The chairman of Mivumoni village advised his village mates to use simple chain survey in orderto get the right measurements of their farms. Show the merits and demerits of simple chainsurvey.

The chairman of Mivumoni village advised his village mates to use a simple chain survey to get the right measurements of their farms. Show the merits and demerits of a simple chainsurvey

Simple chain survey, also known as chain and tape survey, is a basic method of surveying that uses a chain or tape measure to measure distances and angles. It has both merits and demerits, which are outlined below:

Merits of Simple Chain Survey:

  1. Simplicity: Simple chain survey is easy to understand and implement, making it accessible to individuals with limited surveying knowledge or resources. It requires minimal equipment and can be conducted by a small team or even a single person.
  2. Cost-effective: Compared to more advanced surveying techniques, simple chain survey is relatively inexpensive. It does not require expensive instruments or specialized training, making it a cost-effective option for small-scale surveys or community-based projects.
  3. Quick data collection: Simple chain survey allows for relatively fast data collection. With proper training and coordination, a team can quickly measure distances and angles on the ground, enabling the efficient mapping of large areas.
  4. Suitable for small-scale applications: Simple chain survey is well-suited for small-scale applications, such as measuring land parcels, farms, or small construction sites. It provides adequate accuracy for basic mapping purposes in these contexts.
  5. Provides basic information: Simple chain survey can provide essential information about the dimensions and boundaries of land or other features. It can be used to create basic maps, plans, or sketches that are sufficient for many practical purposes.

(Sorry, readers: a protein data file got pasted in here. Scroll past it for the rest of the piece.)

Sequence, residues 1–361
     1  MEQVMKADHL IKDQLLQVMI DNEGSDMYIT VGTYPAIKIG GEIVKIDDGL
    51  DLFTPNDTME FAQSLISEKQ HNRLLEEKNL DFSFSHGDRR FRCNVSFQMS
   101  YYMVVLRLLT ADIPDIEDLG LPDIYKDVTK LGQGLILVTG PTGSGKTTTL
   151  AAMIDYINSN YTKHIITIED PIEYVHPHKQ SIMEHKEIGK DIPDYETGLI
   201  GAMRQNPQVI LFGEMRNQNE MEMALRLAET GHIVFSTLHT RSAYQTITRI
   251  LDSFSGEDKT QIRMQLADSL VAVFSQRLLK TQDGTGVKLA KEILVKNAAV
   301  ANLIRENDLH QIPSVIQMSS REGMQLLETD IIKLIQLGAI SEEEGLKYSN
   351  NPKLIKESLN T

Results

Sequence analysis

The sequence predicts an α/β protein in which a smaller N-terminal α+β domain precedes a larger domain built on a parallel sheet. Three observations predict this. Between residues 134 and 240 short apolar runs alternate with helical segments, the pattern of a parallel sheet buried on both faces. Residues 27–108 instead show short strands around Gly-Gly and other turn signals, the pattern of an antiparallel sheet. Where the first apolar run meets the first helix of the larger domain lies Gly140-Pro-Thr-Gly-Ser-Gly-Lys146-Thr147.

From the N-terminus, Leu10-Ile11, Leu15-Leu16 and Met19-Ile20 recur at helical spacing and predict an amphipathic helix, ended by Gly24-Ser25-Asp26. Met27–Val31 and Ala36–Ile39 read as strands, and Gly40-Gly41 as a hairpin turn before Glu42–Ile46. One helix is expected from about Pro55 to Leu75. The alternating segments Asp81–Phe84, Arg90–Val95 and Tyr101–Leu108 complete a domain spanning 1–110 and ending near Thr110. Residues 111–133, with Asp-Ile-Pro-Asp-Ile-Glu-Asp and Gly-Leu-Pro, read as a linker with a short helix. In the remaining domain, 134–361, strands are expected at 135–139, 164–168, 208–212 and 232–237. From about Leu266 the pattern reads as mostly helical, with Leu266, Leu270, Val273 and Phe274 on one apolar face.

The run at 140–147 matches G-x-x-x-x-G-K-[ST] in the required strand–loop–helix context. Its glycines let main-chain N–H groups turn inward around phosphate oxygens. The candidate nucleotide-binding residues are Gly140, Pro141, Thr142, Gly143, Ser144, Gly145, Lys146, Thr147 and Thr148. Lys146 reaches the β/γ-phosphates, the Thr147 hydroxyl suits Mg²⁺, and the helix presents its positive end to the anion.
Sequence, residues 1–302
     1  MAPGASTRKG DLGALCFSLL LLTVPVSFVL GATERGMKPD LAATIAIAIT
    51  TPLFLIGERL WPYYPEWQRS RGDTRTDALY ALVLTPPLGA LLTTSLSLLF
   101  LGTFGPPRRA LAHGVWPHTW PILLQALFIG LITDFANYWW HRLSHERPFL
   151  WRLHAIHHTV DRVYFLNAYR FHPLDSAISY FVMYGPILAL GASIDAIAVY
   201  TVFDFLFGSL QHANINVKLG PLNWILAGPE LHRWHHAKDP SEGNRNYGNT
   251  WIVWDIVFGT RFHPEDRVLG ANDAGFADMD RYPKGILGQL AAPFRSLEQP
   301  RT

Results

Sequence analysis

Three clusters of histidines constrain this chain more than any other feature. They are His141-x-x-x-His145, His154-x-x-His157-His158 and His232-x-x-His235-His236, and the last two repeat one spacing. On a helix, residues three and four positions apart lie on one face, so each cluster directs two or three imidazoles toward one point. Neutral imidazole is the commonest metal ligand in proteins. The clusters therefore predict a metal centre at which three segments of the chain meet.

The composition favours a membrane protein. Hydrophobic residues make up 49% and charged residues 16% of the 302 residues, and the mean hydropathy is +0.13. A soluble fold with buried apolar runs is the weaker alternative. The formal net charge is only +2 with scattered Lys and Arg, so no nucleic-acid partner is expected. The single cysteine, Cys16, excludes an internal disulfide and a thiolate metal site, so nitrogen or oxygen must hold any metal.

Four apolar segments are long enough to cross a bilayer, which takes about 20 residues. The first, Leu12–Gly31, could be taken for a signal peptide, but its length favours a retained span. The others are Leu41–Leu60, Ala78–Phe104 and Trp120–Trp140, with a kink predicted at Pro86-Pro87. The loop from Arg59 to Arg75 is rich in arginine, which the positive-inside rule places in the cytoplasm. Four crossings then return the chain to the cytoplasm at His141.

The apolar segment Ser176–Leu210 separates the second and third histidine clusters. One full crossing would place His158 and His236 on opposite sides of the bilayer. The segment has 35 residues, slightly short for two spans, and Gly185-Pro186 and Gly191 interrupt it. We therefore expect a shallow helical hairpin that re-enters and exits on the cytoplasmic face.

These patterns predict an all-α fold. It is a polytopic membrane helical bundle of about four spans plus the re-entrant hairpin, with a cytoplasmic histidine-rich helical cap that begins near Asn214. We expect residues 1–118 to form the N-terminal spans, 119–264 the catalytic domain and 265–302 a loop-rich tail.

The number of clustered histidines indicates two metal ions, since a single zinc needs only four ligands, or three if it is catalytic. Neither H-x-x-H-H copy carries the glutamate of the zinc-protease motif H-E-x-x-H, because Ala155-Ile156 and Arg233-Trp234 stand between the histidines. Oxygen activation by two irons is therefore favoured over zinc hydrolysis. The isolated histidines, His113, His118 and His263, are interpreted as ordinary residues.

Demerits of Simple Chain Survey:

  1. Limited accuracy: Simple chain survey is not as accurate as more advanced surveying techniques, such as total stations or GPS. Errors can occur due to factors such as uneven terrain, inaccurate measurements, or human error. This can lead to inaccuracies in the final survey results.
  2. Lack of precision in angles: Simple chain survey relies on measuring angles using instruments like a compass or a theodolite. However, these instruments may not provide precise measurements, leading to errors in the determination of angles and subsequent mapping.
  3. Limited applicability in complex terrains: Simple chain survey is most suitable for flat or gently sloping terrains. It may not be effective in rugged or steep terrains where the use of other surveying methods, such as triangulation or aerial surveying, would be more appropriate.
  4. Limited scope for complex surveys: Simple chain survey is primarily used for measuring distances and angles. It may not be suitable for surveys that require detailed topographic mapping, contouring, or the precise location of features.
  5. Vulnerability to environmental factors: Environmental factors, such as vegetation, water bodies, or obstacles, can affect the accuracy and efficiency of simple chain survey. Thick vegetation or the presence of obstacles may hinder the measurement process or introduce errors in the survey data.

It is important for surveyors to consider the specific requirements of their survey project and assess whether simple chain survey is appropriate for the intended purpose. In some cases, it may be sufficient for basic mapping needs, while in others, more advanced surveying techniques may be necessary to achieve higher accuracy and precision.

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